Little is certain about the health implications of long-term exposure to LED lighting, but the proliferation of phosphor-coated white LEDs in everyday applications has sparked a renewed interest in research. Recent investigations have centered on the spike in the short-wavelength blue region of LEDs’ spectral power distributions (SPDs). Studies in disciplines outside of lighting have linked exposure to everything from circadian disruption to blue-light hazard, the latter of which this article will focus on. But should the general population be alarmed? Not really, say the lighting experts.
The Hazards of Blue Light
Blue-light hazard was discovered in the field of occupational health and safety in the 1970s, predating the invention of white LEDs. The term describes the acute photochemical damage to the retina caused by “staring at an intense light source,” such as a welding arc or the sun, says David Sliney, chairman of the IES Photobiology Committee. The radiation absorbed by the retina unleashes a series of chemical reactions that can lead to retinal inflammation, cell death, and white lesions within a day or two of exposure.
Research conducted over the last 40 years in medical academia has connected these phototoxic responses to short-wavelength radiation in the range of 400 to 500 nanometers—with a peak around 440 nanometers—prompting speculation about the safety of blue-rich light sources used in general illumination. Fluorescent sources also faced scrutiny for the blue peak in their SPDs, but as John Bullough, director of the Transportation and Safety Lighting Programs at the Lighting Research Center (LRC) in Troy, N.Y., explained in the Journal of the Illuminating Engineering Society in 2000, their low luminance makes any potential for risk of blue-light hazard “negligible.”
Photochemical damage from blue light exposure has also been implicated in age-related macular degeneration (AMD), a leading cause of vision loss in people over 65. Biomedical researchers suspect that long-term exposure to short-wavelength blue light can create oxidative stress on retinal cell structures, resulting in the accumulation of lipofuscin, a lipid-containing waste product that has been attributed to AMD.
Why So Blue?
Typical white LEDs consist of gallium nitride (GaN) and blue dye and a phosphor coating that converts a portion of the blue light into white. These phosphor-coated white LEDs can be fabricated with customized spectral profiles, but the process necessitates a spike in blue radiant energy. The phosphors produce a second, broader, and, in some cases, higher peak between 550 and 650 nanometers.
LEDs with correlated color temperatures (CCTs) topping 3000K are often singled out for their high blue content. In June, for example, the American Medical Association released a report cautioning against the use of high-CCT LEDs in outdoor applications, citing health concerns such as melatonin suppression and circadian disruption—which are technically distinct from blue-light hazard. Although CCT does correlate with a source’s blue-light content, the U.S. Department of Energy (DOE) states in its 2013 “Optical Safety of LEDs” fact sheet that the proportion of blue emissions in the spectrum “is not significantly higher for LEDs than it is for any other light source at the same CCT.”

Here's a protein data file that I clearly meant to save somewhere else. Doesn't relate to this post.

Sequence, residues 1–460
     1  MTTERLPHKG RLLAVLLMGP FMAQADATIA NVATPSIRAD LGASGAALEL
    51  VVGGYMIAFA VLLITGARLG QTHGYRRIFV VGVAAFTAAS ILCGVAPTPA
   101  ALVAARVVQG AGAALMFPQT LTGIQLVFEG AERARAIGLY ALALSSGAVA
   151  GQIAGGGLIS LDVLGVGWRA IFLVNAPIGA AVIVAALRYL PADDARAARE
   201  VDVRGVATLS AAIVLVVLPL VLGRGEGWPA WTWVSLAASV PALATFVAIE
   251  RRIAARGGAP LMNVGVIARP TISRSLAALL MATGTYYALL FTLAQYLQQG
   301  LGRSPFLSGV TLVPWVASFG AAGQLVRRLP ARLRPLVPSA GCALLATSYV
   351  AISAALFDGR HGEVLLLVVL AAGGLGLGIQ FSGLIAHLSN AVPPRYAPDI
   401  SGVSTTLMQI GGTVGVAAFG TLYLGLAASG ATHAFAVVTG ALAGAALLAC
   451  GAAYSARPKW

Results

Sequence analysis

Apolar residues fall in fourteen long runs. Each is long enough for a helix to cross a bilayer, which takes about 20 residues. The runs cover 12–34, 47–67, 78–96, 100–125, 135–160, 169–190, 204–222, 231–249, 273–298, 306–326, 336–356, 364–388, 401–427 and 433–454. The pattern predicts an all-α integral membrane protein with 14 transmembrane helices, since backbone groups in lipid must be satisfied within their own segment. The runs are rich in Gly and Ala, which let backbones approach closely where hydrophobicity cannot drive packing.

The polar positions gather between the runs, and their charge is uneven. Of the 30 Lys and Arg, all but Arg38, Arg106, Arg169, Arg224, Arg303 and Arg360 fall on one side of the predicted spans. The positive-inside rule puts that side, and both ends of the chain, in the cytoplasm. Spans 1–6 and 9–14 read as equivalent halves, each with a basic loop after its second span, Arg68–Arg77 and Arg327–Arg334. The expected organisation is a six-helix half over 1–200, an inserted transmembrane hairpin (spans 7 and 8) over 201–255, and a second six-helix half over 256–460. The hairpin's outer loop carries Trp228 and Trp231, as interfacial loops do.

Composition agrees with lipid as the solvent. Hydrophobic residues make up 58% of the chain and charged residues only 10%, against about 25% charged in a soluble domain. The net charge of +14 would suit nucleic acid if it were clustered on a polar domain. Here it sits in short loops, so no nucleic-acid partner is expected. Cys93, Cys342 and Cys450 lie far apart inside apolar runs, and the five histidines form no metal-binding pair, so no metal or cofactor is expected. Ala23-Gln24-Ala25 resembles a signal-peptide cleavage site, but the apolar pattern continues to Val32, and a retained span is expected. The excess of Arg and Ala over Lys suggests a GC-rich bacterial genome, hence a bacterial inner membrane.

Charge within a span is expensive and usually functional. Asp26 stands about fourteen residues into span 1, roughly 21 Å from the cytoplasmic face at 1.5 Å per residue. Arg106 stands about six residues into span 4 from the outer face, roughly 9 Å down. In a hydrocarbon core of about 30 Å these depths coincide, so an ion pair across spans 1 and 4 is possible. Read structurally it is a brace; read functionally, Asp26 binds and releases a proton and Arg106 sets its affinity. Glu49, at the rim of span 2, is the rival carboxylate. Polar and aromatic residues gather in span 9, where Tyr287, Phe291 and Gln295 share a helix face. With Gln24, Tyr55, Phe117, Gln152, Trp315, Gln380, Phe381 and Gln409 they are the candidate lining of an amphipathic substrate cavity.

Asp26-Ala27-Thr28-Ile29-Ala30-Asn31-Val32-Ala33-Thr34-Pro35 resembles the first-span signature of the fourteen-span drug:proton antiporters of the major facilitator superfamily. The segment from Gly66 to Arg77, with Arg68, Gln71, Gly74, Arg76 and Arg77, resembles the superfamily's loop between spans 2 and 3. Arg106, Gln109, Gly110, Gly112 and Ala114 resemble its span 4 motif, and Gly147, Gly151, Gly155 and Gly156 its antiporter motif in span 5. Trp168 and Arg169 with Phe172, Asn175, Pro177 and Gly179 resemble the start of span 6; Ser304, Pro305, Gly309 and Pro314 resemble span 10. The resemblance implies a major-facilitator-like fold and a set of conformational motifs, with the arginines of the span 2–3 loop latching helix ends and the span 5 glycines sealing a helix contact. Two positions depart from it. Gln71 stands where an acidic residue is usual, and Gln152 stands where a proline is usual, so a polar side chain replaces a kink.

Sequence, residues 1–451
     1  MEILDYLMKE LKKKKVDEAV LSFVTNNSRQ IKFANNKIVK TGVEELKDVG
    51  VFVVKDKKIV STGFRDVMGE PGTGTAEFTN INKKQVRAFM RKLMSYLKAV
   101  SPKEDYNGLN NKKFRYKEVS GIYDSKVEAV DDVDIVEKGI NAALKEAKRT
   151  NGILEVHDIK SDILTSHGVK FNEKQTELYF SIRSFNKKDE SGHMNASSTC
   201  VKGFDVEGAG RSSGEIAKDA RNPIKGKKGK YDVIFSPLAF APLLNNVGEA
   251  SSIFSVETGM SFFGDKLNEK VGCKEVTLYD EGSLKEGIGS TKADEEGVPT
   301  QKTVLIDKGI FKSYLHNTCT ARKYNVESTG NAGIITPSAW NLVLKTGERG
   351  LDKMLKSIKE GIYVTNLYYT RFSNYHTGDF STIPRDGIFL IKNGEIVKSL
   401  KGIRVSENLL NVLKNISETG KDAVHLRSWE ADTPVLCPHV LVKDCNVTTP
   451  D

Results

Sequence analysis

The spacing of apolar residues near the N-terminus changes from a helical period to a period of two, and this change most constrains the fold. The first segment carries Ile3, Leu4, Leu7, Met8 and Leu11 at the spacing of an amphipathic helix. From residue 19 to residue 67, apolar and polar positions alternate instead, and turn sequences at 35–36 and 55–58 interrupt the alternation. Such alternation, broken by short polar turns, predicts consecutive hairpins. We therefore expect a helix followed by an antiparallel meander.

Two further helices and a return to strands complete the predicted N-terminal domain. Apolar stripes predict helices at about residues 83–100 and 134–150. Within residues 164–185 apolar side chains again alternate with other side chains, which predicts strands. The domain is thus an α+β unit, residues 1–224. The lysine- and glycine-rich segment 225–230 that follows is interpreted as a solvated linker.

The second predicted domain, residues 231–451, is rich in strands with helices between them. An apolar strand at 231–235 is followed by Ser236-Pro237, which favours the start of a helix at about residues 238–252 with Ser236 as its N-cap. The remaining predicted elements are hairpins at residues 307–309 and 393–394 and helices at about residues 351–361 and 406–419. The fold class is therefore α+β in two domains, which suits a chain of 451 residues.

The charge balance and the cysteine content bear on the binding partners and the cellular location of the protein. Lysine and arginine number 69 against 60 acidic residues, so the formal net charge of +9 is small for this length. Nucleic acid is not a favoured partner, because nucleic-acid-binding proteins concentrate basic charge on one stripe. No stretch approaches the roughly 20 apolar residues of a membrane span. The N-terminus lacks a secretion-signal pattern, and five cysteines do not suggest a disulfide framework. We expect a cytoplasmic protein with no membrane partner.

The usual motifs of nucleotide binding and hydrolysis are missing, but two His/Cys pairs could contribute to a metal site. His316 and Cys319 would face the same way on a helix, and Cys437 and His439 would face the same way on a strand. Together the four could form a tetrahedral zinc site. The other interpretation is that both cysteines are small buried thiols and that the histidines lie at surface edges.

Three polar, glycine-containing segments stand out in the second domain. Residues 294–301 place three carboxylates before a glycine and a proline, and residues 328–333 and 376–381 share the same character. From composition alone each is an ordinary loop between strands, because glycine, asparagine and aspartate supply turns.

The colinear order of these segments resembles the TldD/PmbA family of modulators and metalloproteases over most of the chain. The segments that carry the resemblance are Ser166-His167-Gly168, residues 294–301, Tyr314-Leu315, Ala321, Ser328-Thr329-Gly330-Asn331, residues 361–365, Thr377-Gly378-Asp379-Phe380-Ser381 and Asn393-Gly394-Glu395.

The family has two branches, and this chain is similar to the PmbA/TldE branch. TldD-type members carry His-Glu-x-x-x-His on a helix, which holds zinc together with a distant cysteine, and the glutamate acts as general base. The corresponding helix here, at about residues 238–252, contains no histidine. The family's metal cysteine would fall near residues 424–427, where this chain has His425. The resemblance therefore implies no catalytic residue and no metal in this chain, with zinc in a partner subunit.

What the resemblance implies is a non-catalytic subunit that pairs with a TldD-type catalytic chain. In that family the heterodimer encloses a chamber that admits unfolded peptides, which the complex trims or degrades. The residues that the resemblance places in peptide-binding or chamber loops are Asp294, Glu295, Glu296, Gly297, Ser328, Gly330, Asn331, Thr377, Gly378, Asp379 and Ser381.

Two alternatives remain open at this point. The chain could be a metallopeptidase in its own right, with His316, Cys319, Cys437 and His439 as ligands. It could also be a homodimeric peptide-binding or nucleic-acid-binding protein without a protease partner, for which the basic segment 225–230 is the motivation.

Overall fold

The brightness of LEDs has also raised concerns. As a point source, the diodes emit a concentrated directional light that can be unpleasant to view directly. Still, their output is less than what the DOE cites as a risk for blue-light hazard: a luminance exceeding 4 gigacandela per square meter, and an illuminance exceeding 400,000 lux. Moreover, in interior lighting applications, the sources are often diffused, mitigating any discomfort.
Studies in Blue
The 1976 Nature article “Retinal Sensitivity to Damage from Short Wavelength Light,” by William Ham Jr., Harold Mueller, and David Sliney continues to be the go-to reference in contemporary research on blue-light hazard and AMD. Undertaken to differentiate between thermal and photochemical injuries caused by short-wavelength light, the study established minimum thresholds for damage by irradiating the retinas of anesthetized monkeys with lasers at wavelengths between 442 nanometers and 1,064 nanometers. Exposure periods ranged from 1 second to 1,000 seconds.
In his literature review, Bullough notes that the researchers determined “light at 442 nanometers was 100 to 1,000 times more damaging than energy at 1,064 nanometers” and that the lesions produced by the former seemed chemically induced while those inflicted by the latter were burns. This and a subsequent study by Ham formed the basis for the safety guidelines by the International Commission on Non-Ionizing Radiation Protection on protection against laser radiation, as well as for ANSI Z136.1-2007: American National Standard for Safe Use of Lasers.
Similar laboratory experiments also observed photochemical retinal damage associated with intense short-wavelength radiation. In a 2011 literature review in Photochemistry and Photobiology, Dutch researchers Dirk van Norren and Theo G.M.F. Gorgels examined 56 such papers, the most recent of which were published in 2009 and 2010, involving the directing of light from multiple sources into the retinas of live monkeys, rats, rabbits, or squirrels for a period of time, ranging from one second to five hours.
Extrapolating lighting recommendations from research can be tricky. In the 2014 post “Blue Light Hazard … or Not?” on the blog All Things Lighting, Ian Ashdown, chief scientist for Lighting Analysts and president of Vancouver-based ByHeart Consultants, notes that the light intensities used in much of the research to date were often too high to be instructive in determining health risks from long-term exposure. While the studies demonstrate that “both ultraviolet and blue light can permanently damage the retina if focused onto a small spot,” he says in an email to architectural lighting, “the exposure time necessary to do damage was equivalent to staring at the tropical noonday sun for 15 minutes without blinking.”